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I-29 serves as the southern part of the primary ground transportation link between Winnipeg, Manitoba, and the U.S.A. and is used heavily by truckers and weekend shoppers travelling from Winnipeg to Grand Forks and/or Fargo. The speed limit is 75 mph with the exceptions of a reduced speed zone through Fargo. It passes almost exclusively through flat farmland, where the only hazard is smoke from the two Crystal Sugar plants alongside the highway north of both Drayton and Hillsboro. “Fog Area” signs are present to warn travellers of the potential danger, though the smell often acts as a much more early and effective warning system. Click here to show the route.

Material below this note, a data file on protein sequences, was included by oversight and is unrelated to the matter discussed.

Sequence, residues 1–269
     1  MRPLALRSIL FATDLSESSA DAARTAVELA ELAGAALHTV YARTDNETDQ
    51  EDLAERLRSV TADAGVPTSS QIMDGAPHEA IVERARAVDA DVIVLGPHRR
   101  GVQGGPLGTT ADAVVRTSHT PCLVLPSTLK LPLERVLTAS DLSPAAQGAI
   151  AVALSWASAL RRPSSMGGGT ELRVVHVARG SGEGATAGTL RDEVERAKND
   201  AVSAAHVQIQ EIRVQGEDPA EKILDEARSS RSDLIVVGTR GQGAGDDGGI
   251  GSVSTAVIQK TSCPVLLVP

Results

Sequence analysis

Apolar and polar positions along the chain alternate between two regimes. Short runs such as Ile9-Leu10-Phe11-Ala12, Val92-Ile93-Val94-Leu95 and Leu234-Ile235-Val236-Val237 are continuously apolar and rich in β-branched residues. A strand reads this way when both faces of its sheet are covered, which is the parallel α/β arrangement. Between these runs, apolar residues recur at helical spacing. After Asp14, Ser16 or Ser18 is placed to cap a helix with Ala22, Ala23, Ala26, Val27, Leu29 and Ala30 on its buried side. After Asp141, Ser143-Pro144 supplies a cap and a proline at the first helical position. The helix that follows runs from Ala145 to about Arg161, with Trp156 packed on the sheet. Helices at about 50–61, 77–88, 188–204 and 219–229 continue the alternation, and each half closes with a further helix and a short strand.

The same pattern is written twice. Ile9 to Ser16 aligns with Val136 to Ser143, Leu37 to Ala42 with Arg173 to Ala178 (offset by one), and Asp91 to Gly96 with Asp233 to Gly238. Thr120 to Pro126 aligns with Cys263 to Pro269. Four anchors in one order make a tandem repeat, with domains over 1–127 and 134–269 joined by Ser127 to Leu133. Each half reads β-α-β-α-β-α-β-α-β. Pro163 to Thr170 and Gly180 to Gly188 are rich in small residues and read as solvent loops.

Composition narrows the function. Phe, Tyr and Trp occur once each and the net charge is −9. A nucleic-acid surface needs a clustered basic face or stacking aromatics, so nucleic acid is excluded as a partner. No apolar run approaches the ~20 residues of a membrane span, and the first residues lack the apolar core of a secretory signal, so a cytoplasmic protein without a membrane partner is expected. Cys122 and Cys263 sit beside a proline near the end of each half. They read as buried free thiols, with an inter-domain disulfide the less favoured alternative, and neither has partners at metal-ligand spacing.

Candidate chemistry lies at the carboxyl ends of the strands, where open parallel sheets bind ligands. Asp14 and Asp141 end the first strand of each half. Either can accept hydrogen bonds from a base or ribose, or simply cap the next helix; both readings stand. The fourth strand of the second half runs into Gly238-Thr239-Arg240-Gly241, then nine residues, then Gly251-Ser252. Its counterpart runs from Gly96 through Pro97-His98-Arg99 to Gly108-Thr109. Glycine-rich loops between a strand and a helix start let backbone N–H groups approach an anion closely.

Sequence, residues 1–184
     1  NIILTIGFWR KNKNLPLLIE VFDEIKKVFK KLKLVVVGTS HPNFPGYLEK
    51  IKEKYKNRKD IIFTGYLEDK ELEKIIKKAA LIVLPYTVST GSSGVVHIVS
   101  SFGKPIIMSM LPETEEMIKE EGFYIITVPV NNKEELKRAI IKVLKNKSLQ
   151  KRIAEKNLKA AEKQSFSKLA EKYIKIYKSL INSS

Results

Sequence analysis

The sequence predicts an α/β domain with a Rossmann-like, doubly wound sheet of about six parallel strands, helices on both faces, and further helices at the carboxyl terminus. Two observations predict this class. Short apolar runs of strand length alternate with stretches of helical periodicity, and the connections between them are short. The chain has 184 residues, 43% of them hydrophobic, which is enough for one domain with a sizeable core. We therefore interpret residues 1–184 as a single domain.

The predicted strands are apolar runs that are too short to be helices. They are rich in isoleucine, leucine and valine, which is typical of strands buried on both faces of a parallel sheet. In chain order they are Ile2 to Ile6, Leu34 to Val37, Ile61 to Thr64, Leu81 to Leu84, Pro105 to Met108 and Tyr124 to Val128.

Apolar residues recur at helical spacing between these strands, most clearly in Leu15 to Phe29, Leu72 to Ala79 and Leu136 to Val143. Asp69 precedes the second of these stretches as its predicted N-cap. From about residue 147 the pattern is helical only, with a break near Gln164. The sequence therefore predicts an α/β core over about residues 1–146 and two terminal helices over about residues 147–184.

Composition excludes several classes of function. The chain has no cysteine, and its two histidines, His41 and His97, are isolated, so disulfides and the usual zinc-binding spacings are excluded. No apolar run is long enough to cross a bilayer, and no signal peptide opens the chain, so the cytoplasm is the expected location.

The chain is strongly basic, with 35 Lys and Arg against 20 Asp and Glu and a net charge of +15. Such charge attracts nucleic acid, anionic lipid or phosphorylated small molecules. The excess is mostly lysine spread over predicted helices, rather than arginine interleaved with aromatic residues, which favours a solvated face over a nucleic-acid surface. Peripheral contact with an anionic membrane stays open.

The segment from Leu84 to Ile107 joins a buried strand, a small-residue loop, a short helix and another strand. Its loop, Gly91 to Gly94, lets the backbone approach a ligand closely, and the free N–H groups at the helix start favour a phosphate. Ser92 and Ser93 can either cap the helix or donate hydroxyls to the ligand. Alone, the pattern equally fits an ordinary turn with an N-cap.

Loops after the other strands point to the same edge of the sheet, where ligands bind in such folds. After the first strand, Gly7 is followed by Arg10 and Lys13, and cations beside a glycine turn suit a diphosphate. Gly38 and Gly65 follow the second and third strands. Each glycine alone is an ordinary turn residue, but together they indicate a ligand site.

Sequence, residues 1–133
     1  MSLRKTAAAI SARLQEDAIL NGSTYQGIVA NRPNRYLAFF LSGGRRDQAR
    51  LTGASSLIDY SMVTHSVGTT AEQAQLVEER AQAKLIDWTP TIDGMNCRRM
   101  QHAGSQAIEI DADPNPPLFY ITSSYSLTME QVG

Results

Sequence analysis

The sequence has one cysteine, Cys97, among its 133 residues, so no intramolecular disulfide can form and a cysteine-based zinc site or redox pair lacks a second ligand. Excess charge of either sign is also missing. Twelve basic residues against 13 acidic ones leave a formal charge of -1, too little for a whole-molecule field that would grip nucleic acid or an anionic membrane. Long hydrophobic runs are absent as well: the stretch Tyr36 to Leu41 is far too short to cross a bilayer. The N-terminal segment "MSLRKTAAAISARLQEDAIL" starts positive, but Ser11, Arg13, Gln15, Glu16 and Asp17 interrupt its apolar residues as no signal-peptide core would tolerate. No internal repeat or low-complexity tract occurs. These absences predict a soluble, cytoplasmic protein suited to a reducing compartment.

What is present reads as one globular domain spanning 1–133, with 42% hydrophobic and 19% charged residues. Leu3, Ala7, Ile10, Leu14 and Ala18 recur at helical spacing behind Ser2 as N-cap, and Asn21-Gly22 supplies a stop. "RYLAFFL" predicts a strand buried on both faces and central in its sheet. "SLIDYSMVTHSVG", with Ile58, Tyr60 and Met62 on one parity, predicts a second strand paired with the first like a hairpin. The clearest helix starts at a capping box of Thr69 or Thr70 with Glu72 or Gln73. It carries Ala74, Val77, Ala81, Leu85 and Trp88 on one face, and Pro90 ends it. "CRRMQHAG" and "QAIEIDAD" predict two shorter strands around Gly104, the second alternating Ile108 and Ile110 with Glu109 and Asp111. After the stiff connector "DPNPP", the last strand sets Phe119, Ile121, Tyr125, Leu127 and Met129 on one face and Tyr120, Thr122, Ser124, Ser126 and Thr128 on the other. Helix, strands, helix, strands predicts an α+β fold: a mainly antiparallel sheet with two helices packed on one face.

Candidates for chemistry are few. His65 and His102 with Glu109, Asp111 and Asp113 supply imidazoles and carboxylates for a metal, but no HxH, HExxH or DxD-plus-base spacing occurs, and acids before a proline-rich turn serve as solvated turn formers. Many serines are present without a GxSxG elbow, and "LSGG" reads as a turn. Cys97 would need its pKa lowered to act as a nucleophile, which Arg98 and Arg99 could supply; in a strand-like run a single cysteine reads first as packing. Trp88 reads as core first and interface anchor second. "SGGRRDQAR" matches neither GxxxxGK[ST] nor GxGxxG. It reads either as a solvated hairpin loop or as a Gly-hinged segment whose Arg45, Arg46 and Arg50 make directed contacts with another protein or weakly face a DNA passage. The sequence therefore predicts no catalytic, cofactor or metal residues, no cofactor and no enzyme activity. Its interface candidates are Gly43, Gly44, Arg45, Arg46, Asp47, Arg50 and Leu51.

Prior to the construction of the highway, the portion of the route between the Canada/US border and Fargo was originally designated as I-31, but it was changed to match with I-29 farther south. Through the state, I-29 mostly follows the route of US 81 with the exception a 51-mile stretch between Joliette and Manvel, where it follows the path of the former ND 44. Today, the only official remains of ND 44 are in Drayton, though portions of the old highway remain in use east of I-29.
 
Northern Terminus: Canada/US border north of Pembina.
 
Southern Entrance: South Dakota boundary 8 miles south of Hankinson in Richland County.
 
Multiplexes: US 81 follows I-29 through the state with the exception of a 51-mile stretch between ND 5 south of Joliette and the town of Manvel, just north of Grand Forks.

Images of I-29:

© Curtis Walker. All rights reserved. All pictures used on this site are the property of the respective photographers and are used by permission. No picture may be used without the consent of the respective photographer.

All pictures taken by Curtis Walker unless otherwise noted.